Somewhere, is the Congress party being extremely uncharitable towards the ageing PM by making him the proverbial scapegoat? Is Singh the new Chandra Shekhar, except that Singh has none of the latter's power-lust?

Frankly, India honestly looks rudderless currently, and Singh's lacklustre, indecisive demeanour and missing-in-action profile have raised concerns. Serious concerns.

Please remember, India is under constant international spotlight with several unfriendly neighbours closely monitoring our supreme decision-making authorities. Word spreads. Fast.

When national leadership collapses -- or is seen as weak -- it leads to the rise of several self-serving hydra-heads seeking their moments in the sun, not to mention external aggressors on sensitive boundaries and internal enemies of the State.

The consequences of a phlegmatic leadership can have grave ramifications for any country. Look at Pakistan.

The insidious internal threat of Maoism is becoming increasingly difficult to contain because of India's real moral dilemma -- a guilty conscience. The Maoist movement may have been now hijacked by hardline aggressors on a brutal bloodbath, but is there any denying the monumental failure of our government machinery over several decades since the mid-1960s?

Five decades later, if the only option is to wage a State war, it is a tragic confession of abject failure. There is perhaps not a single private/public land deal in India that does not have a cash component or a rigged element, and yet we are just about tabling a bill on the same.

Besides corporate exploitation, it has led to several educational institutions run by well-known politicians who have acquired vast real estate at dirt prices for private gains.

SEZs today are equally questionable and truly unsettle marginal landowners and tribal folk with no ownership titles. So just why are we so stunned by Maoist violence under a deadly new ownership? Land-related scams abound, which if aggregated will be an astronomical embarrassment of ill-gotten riches.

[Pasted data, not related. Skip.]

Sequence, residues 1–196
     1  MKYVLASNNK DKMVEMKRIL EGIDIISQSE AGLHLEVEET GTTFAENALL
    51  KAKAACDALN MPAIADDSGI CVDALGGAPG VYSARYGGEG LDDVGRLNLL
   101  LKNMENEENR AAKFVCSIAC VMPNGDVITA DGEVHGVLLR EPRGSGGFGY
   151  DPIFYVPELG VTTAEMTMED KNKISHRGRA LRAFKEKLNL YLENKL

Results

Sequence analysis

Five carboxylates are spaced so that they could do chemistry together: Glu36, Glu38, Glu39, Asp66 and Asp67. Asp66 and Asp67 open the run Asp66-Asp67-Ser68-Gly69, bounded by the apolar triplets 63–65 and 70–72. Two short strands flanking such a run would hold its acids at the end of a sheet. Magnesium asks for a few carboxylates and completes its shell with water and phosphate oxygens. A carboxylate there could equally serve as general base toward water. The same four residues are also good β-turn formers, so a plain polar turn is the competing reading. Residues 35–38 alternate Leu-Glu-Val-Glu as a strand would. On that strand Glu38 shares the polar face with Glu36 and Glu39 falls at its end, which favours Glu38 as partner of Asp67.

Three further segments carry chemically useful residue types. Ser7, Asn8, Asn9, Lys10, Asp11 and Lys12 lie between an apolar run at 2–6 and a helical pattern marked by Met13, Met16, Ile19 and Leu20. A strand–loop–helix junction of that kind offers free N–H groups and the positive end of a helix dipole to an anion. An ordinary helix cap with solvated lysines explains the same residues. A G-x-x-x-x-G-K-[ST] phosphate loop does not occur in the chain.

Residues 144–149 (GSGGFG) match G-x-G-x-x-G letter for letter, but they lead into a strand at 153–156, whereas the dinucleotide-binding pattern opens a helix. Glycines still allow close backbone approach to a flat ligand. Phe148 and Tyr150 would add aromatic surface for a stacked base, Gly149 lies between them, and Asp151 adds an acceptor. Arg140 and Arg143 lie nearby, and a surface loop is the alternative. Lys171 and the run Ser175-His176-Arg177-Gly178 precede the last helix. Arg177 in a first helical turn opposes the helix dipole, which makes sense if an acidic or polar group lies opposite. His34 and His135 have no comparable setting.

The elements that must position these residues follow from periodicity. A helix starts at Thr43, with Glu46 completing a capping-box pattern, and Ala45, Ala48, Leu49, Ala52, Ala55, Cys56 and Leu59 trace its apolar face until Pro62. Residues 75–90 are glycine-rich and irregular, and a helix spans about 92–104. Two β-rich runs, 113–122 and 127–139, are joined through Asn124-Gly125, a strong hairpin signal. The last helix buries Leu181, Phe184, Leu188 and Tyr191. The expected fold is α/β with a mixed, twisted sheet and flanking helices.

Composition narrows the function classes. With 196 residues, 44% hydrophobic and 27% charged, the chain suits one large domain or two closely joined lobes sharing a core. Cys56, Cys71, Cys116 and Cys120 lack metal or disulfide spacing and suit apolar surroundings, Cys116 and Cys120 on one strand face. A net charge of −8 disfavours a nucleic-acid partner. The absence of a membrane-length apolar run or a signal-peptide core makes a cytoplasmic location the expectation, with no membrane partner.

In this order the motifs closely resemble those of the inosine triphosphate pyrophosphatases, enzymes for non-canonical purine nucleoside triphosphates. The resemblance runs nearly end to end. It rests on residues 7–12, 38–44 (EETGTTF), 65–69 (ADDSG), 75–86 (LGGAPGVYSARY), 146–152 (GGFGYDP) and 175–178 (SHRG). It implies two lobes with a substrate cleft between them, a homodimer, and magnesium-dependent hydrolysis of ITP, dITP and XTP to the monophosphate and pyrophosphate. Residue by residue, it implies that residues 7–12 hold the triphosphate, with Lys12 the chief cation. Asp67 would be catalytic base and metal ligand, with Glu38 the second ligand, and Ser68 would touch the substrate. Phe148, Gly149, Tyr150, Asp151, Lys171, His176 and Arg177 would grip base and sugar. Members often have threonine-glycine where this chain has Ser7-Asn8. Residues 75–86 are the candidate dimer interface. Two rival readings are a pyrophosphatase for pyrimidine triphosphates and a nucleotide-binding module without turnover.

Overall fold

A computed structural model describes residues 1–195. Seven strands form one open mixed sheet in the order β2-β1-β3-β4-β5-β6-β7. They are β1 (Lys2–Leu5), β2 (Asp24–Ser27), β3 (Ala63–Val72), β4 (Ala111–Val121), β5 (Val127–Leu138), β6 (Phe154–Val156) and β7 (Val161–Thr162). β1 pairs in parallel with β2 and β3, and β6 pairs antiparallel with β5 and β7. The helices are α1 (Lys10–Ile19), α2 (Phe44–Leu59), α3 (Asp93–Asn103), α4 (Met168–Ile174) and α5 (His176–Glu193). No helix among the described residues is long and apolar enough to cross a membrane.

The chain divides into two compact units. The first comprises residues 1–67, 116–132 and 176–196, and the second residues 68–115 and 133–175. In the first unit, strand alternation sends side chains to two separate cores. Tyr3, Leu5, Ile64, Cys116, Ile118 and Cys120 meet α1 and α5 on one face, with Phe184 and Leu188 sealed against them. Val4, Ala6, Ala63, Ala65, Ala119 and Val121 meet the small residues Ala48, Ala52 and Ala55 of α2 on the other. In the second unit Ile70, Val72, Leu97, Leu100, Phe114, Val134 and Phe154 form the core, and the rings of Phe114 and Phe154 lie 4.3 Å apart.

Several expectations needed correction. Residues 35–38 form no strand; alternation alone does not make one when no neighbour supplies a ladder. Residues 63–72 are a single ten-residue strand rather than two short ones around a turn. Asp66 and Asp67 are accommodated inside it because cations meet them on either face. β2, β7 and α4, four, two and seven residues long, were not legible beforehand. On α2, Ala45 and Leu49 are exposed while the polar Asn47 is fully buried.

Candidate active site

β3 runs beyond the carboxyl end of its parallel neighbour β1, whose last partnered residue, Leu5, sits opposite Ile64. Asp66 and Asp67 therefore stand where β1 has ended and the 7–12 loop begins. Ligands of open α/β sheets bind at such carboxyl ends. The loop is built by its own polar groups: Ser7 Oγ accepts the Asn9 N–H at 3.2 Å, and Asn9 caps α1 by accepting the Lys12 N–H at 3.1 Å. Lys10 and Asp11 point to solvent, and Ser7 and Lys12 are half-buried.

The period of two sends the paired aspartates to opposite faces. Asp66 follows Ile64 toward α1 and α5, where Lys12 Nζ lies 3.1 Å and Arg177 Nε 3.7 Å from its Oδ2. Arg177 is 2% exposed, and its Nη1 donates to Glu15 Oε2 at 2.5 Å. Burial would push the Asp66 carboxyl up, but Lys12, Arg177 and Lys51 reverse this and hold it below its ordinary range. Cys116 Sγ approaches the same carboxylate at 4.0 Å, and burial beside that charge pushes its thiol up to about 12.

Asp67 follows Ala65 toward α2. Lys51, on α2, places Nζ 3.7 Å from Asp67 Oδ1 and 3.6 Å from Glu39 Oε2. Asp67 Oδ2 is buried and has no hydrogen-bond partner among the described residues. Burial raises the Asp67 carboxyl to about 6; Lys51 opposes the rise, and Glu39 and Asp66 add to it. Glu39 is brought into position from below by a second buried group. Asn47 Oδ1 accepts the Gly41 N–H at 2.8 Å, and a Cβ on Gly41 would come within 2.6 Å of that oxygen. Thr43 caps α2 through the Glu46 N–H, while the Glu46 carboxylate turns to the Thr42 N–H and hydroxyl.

Sorry Mr Singh, Maoism is not India's biggest internal security threat. Corruption is.

The corruption saga has shockingly crippled the UPA but does the Congress party understand the grievous risk of possessing a tainted reputation? The Commonwealth Games, A Raja, the Reddy brothers, land-related scams dominate daily headlines. We are talking of mind-numbing numbers such as Rs 60,000 crores (Rs 600 billion) as if it is used toilet paper.

Let us take Raja's case, for example. By the same yardstick we are applying to the Pakistani cricketers of prima facie evidence and demanding immediate suspension, should not A Raja also relinquish charge until full investigations are finally done? Or for that matter, Suresh Kalmadi?

Let us see the worst-case scenario for UPA-2 if Raja is asked to pack his bags; partner DMK will pull out support and the wobbly government will fall. Thus, we possibly head for mid-term elections. So be it.

I think India needs that singular earth-shattering, unprecedented drastic action to challenge corruption, to extricate itself from the inexorable dark clouds that oppress it, instead of frightfully being chained to its inherent umbilical cord.

Something extraordinary, an unexpected upheaval, a defining statement of change, a monumental risk.

Like a resolute termite, India's duplicitous morality is gradually destroying our whole moral fibre. As Gibbon said, corruption is the most infallible system of constitutional liberty. Can Singh take the raging bull of corruption by the horns?